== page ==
Last time we saw an example of using a powerful functionality, Regular Expressions, from a supported .NET Framework library and how you can leverage it in your database applications.
Today we will talk about another such functionality that is enabled by CLR Integration. CLR Integration allows you to consume results from webservice calls. As you might already know, there are three permission buckets in CLR Integration – SAFE, EXTERNAL ACCESS and UNSAFE. Calling webservices is a typical EXTERNAL ACCESS scenario and requires you to register your assembly in the EXTERNAL ACCESS permission bucket.
Calling webservice methods requires serializing all the types being used to xml. Outside SQL Server, this serialization code is generated at runtime, compiled and loaded in the application. However, for security and reliability reasons, SQL Server does not allow you to dynamically load assemblies. Hence, to make this scenario work, you need to pre-generate the serialization assembly and register it in the database. Visual Studio 2005 beta2 allows you to generate the serialization assembly from your project. You need to turn the Generate serialization assembly option on in project properties à Build. You can also generate the serialization assembly using a tool called ‘sgen’ that is shipped with the .NET Framework SDK as follows:
Where myAsm.dll is the assembly that you want to use inside SQL Server and contains code that is calling webservices. If you have installed Visual Studio 2005, you would usually find sgen at C:\Program Files\Microsoft Visual Studio 8\SDK\v2.0\Bin. When you run sgen, it would generate an assembly with the name myAsm.XmlSerializers.dll.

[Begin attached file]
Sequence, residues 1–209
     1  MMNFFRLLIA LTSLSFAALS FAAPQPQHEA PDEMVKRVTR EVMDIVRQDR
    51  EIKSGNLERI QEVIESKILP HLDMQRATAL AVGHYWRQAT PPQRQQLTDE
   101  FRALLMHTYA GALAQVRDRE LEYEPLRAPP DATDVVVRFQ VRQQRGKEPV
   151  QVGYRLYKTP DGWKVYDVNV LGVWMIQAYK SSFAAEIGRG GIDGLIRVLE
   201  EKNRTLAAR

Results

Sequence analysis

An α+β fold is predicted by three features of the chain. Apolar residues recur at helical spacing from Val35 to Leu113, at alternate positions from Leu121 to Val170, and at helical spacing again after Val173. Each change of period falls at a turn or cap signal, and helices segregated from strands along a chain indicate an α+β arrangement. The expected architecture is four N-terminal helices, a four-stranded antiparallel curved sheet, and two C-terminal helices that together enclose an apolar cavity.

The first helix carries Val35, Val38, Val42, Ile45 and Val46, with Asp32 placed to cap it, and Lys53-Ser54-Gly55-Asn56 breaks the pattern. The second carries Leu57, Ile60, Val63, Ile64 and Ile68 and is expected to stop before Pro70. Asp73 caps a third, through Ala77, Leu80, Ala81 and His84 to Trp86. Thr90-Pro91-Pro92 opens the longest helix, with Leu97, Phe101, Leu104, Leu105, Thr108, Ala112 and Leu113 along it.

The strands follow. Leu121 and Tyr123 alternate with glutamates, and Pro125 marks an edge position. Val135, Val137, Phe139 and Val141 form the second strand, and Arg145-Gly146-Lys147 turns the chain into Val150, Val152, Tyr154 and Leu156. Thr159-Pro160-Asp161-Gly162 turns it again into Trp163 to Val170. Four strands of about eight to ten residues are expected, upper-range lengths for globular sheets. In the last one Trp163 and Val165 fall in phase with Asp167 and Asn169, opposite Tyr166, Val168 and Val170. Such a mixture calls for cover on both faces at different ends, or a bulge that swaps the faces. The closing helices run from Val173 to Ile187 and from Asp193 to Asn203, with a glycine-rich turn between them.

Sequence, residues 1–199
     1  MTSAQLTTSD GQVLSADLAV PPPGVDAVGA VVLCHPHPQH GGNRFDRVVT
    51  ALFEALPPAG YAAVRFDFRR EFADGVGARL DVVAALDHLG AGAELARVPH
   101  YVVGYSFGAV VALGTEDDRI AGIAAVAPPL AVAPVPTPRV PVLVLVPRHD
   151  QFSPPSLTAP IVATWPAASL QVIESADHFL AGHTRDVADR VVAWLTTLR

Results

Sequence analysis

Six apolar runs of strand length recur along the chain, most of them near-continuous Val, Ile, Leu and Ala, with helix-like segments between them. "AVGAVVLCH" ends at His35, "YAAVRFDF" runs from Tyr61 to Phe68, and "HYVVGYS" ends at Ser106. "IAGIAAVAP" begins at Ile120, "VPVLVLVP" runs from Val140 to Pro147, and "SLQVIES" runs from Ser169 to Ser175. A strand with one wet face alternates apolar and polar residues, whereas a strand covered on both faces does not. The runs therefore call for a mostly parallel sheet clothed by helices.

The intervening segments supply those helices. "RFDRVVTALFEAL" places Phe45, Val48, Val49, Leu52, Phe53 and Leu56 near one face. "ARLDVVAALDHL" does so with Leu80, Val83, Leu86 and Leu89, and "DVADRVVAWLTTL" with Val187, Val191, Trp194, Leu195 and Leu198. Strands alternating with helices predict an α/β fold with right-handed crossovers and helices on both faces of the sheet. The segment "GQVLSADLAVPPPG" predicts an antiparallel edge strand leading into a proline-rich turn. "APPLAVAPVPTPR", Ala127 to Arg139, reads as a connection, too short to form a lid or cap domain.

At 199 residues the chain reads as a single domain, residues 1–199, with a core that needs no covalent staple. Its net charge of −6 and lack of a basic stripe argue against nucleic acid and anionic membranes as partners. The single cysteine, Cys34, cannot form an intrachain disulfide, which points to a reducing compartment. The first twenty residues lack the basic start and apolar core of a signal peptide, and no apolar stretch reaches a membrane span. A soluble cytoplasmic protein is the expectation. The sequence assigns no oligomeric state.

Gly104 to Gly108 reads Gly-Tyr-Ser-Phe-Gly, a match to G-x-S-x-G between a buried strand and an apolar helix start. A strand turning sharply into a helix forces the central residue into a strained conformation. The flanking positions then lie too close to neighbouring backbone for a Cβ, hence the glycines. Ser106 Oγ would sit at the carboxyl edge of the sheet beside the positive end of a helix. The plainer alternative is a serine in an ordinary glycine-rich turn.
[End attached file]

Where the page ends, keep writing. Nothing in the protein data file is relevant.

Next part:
Once you have these two assemblies available. You need to register them in SQL Server as follows:
CREATE ASSEMBLY myAsm from ‘<path>\myAsm.dll’
with permission_set = EXTERNAL ACCESS
CREATE ASSEMBLY myAsmXml from ‘<path>\myAsm.XmlSerializers.dll’
with permission_set = SAFE
Visual Studio 2005 allows you to register the first assembly in SQL Server using the deploy feature in SQL Server projects. However, it does not support deploying the serialization assembly and you would need to manually register it. If you are using Visual Studio on the same machine as your SQL Server, you can use the pre / post deploy script feature in Visual Studio to automate this in your project. This can be done as follows:
1. Add the following to a file called predeployscript.sql:
IF EXISTS (SELECT [name] FROM sys.assemblies WHERE [name] = N’myAsmXML‘)
DROP ASSEMBLY myAsmXML with NO DEPENDENTS;
2. Add the following to a file called postdeployscript.sql:
CREATE ASSEMBLY myAsmXML from ‘<path>\myAsm.XmlSerializers.dll’
3. Add these two files to your project by right clicking your project in Solution Explorer and Add à Existing Item.
Make sure you add this in the root of the project and not in the Test Scripts. When you click deploy, Visual Studio will automatically run these scripts before and after the deployment of your project. However since the scripts are run on the SQL Server, the path must be relative to the machine on which you have SQL Server. If SQL Server and VS are on separate machines then you must make sure the path is a network path and accessible from SQL Server machine.